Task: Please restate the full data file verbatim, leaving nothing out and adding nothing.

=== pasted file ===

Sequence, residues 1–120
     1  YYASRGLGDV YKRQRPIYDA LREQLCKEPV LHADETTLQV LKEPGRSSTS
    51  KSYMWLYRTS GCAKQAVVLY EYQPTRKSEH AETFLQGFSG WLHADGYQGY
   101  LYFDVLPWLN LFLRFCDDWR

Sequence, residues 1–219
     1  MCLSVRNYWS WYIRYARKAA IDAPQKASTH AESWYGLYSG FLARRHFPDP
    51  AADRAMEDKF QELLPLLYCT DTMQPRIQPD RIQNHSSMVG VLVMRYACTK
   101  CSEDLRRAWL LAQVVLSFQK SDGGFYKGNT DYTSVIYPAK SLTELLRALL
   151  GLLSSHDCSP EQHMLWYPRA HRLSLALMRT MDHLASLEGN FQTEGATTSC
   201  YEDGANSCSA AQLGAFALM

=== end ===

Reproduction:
Sequence, residues 1–120
     1  YYASRGLGDV YKRQRPIYDA LREQLCKEPV LHADETTLQV LKEPGRSSTS
    51  KSYMWLYRTS GCAKQAVVLY EYQPTRKSEH AETFLQGFSG WLHADGYQGY
   101  LYFDVLPWLN LFLRFCDDWR

Sequence, residues 1–219
     1  MCLSVRNYWS WYIRYARKAA IDAPQKASTH AESWYGLYSG FLARRHFPDP
    51  AADRAMEDKF QELLPLLYCT DTMQPRIQPD RIQNHSSMVG VLVMRYACTK
   101  CSEDLRRAWL LAQVVLSFQK SDGGFYKGNT DYTSVIYPAK SLTELLRALL
   151  GLLSSHDCSP EQHMLWYPRA HRLSLALMRT MDHLASLEGN FQTEGATTSC
   201  YEDGANSCSA AQLGAFALM